We have 3 possible scenarios for displaying weather.
- This is a dedicated weather add-on for PowerPoint to display weather information in a presentation. This is very easy to use and it can show current weather information and forecasts. If you need to display the weather information then use this option.
- When you need to display more than just a weather, try our DataPoint solution or combine with other Dynamic Elements add-ons. It has the same weather data provider (as in the first solution). This is very easy to use and can combine information from other data providers like database and Excel information.
- The weather information from any weather source or weather API is typically communicated with XML or JSON format. DataPoint can use any XML or JSON data feed. So, if you want to have a full flexibility yourself, then take full control with the XML or JSON data providers of DataPoint.
This blog article covers option 3.
Sign up at Forecast.io and get your API key in order to retrieve data. Documentation of what and how to retrieve weather information, can be found here.
Typically a call looks like this:
The APIKEY is the unique key that you get from them and identifies you and your application. The latitude and longitude are geographical coordinates to identify a location or city. In this article we will create a dynamic weather display for Rome in Italy. So we have to look for the coordinates of Rome. Use the Google search engine for this.
52cec5ff313a4d19b60540cfe89675a5 is our API key that we got from our sign up process at forecast.io. We will change this API key after publication of this article. So use your own API key instead. Using this key in your weather display presentation will not work. You will have to use your own key. The reason for this is that, you will get a free number of calls per day, and otherwise we would exceed that number of calls if everyone would use the same together.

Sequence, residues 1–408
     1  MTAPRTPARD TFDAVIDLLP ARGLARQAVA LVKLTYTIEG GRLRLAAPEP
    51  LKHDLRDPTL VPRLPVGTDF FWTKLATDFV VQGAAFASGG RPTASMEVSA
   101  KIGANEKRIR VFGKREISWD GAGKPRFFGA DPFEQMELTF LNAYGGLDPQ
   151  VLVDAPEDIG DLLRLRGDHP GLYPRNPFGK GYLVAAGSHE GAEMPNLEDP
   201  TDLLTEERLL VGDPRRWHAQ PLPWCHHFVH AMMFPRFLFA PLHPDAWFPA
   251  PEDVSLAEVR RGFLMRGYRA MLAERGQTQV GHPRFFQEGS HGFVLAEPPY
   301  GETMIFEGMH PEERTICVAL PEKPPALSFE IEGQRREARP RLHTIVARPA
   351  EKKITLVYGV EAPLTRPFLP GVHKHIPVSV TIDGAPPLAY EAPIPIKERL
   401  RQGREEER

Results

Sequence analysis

41.9028,12.4964 are the coordinates for Rome, Italy, as we got them from our Google search.
There are some extra parameters added for this purpose. Units=si returns the information as degrees in Celsius. And we want to include daily information only.
You will see that currently, minutely, daily, alerts and flags are excluded and that basically only hourly intervals are included with this call.
Click OK to close and now we have 2 weather queries set up in our PowerPoint presentation. Now the fun part starts as we are going to use the information on our weather display slides.
At the option The data of the selected column contains, switch it to filename only. Set the folder to .\icon set 1 and enter png as an extension.
The weather API communicates the weather status as words like clear-day, clear-night, rain, snow, sleet, wind, fog, cloudy, partly-cloudy-day, or partly-cloudy-night. We have a folder with all these words as images. That is how we can translate a weather condition text into a weather icon.
Click OK to close.